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In the Blue Jays case, the negotiations will most likely start with including Simeon Woods-Richardson as a return, which makes sense considering SWR is one of the top pitching prospects in the farm system at the moment. This would be a tough pill to swallow, but including the right-hander could put the Blue Jays ahead of other suitors at the deadline if the Reds appear set to get a pitcher in return.
If the Jays really don’t want to include a prospect pitcher, the Reds will most likely move to shortstops Jordan Groshans and Orelvis Martinez as bargaining chips, with potential packages centered around one of these players (they could ask for both but I would balk at including both players in any deal). This may seem like a more reasonable option, in that the Jays do possess more system depth in the infield category compared to other areas of the diamond and could afford to lose one or two middle infielders.
Dangling a catcher like Danny Jansen, Alejandro Kirk, or Gabriel Moreno could also be a starting point in trade negotiations but the Reds do have a solid catching prospect in Tyler Stephenson that may have the club looking for other positional needs. Could happen, but less likely.
Using Baseball Trade Values, a simulator that takes stats and contracts into account to generate potentially realistic trades, the following scenarios were deemed “acceptable” in terms of a potential trade going through:
- RHP Sonny Gray (38.1) for SS Jordan Groshans (40.1)
- RHP Sonny Gray (38.1) for C Alejandro Kirk (24.1), SS Miguel Hiraldo (8.5), and OF Will Robertson (2.6)
- RHP Sonny Gray (38.1) for SS Orelvis Martinez (26.6), 1B Rowdy Tellez (6.4), and RHP Adam Kloffenstein (4.5)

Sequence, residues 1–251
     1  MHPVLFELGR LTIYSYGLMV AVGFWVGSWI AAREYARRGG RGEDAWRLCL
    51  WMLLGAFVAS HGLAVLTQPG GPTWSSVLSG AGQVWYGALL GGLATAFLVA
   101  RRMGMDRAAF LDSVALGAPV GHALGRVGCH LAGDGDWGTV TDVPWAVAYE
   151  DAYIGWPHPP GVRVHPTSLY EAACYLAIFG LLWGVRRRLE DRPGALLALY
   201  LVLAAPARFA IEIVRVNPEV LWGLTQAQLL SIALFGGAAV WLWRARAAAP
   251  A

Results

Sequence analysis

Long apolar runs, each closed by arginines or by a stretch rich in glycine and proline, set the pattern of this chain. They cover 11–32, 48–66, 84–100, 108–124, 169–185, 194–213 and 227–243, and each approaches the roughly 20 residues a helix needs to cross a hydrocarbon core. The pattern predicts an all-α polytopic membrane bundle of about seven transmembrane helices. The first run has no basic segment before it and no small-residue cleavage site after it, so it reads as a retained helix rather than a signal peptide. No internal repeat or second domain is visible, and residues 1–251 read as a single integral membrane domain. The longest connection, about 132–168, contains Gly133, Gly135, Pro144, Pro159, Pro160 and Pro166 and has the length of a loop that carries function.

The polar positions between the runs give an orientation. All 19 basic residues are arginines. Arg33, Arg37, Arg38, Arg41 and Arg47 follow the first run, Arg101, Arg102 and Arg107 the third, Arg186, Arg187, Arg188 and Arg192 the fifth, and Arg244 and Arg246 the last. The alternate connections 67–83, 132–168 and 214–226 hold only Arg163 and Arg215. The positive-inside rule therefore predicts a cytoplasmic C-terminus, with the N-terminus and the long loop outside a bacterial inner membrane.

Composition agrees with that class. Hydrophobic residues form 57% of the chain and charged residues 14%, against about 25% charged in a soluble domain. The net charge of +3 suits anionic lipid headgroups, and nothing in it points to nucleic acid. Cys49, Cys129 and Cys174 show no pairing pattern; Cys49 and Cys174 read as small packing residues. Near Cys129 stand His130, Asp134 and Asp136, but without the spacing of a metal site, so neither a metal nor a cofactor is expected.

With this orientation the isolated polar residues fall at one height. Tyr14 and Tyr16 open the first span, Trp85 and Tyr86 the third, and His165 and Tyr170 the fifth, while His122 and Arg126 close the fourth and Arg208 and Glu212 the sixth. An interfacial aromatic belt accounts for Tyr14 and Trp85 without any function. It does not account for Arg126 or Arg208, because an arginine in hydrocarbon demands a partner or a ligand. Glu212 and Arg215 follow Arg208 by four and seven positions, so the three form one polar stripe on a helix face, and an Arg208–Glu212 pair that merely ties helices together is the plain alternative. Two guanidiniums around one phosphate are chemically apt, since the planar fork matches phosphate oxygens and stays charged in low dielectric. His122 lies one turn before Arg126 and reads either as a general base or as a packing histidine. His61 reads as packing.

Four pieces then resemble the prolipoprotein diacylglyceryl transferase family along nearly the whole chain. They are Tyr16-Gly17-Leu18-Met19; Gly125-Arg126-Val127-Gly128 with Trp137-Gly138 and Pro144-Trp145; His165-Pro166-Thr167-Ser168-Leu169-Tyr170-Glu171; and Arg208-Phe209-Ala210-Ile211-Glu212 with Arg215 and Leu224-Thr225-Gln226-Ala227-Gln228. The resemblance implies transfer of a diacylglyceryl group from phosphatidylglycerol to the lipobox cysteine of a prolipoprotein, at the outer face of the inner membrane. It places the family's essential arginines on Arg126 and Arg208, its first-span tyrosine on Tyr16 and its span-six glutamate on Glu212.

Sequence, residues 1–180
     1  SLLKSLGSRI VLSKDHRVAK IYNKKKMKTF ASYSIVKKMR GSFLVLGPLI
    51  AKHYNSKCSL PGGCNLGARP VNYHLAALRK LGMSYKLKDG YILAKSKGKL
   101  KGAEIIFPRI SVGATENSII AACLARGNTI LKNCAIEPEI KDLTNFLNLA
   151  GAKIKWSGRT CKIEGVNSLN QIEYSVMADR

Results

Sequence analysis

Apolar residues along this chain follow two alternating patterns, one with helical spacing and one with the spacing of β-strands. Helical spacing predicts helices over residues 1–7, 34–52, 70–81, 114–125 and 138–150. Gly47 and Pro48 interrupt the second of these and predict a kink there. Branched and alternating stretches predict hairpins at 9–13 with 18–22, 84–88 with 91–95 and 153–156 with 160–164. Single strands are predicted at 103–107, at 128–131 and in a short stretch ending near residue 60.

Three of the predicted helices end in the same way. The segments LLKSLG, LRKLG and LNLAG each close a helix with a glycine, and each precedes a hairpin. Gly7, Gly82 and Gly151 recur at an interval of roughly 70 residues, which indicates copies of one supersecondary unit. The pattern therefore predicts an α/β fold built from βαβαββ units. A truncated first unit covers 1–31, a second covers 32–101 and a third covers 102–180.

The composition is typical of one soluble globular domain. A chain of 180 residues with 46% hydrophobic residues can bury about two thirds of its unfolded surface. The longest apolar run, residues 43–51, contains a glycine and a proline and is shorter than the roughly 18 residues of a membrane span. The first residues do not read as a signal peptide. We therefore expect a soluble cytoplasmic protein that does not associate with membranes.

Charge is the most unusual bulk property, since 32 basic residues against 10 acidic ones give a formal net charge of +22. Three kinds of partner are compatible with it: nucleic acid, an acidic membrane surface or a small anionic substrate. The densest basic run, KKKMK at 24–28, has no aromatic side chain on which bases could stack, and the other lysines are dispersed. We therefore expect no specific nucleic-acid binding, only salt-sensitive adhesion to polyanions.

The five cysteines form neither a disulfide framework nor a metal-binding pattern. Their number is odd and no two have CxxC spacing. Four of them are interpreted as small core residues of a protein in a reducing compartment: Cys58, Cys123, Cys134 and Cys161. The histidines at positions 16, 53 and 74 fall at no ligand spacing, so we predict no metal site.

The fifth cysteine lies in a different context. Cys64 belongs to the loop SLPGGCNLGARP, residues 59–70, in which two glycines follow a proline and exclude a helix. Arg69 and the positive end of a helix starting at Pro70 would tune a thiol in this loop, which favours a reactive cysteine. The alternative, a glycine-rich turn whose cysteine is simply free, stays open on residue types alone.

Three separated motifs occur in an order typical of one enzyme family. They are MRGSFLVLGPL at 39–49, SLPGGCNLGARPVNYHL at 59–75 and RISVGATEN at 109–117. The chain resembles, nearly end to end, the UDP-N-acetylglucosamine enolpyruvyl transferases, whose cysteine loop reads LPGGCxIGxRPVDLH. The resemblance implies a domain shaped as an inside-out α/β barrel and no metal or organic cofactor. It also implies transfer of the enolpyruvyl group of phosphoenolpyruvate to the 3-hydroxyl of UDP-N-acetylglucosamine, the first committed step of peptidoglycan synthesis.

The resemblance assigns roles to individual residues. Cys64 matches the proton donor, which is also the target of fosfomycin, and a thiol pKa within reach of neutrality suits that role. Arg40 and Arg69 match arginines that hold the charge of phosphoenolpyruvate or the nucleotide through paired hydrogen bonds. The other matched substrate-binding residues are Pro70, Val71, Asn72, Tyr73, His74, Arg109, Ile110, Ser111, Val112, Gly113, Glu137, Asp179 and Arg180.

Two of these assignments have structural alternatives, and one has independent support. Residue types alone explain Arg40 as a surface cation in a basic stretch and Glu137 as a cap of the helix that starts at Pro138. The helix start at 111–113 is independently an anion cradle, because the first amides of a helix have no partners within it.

- RHP Sonny Gray (38.1) for RHP Simeon Woods-Richardson (19.8), SS Miguel Hiraldo (8.5), and 1B Rowdy Tellez (6.4)
You have to take the simulator with a grain of salt when it comes to performing real-life trades and determining value based on positional needs, but the reality is that if the Blue Jays want to go after an established arm at this season’s trade deadline, they will have to give up a top tier prospect in order to do it. There are a few prospects I would hope that the Blue Jays could keep away from being discussed in trade talks but the reality is that proven veteran talent requires significant prospect capital in return, even if the risk is high.
Acquiring Gray would make the rotation a lot stronger to finish the season, a move that could be a difference-maker if the Blue Jays are contending when mid-July rolls around. This conversation obviously dies down if the club finds themselves way out of the playoff race in a month’s time, but if general manager Ross Atkins is serious about adding a proven veteran arm to the rotation to go for the championship glory, Sonny Gray could be available if the Jays are willing to take a hit in the farm system.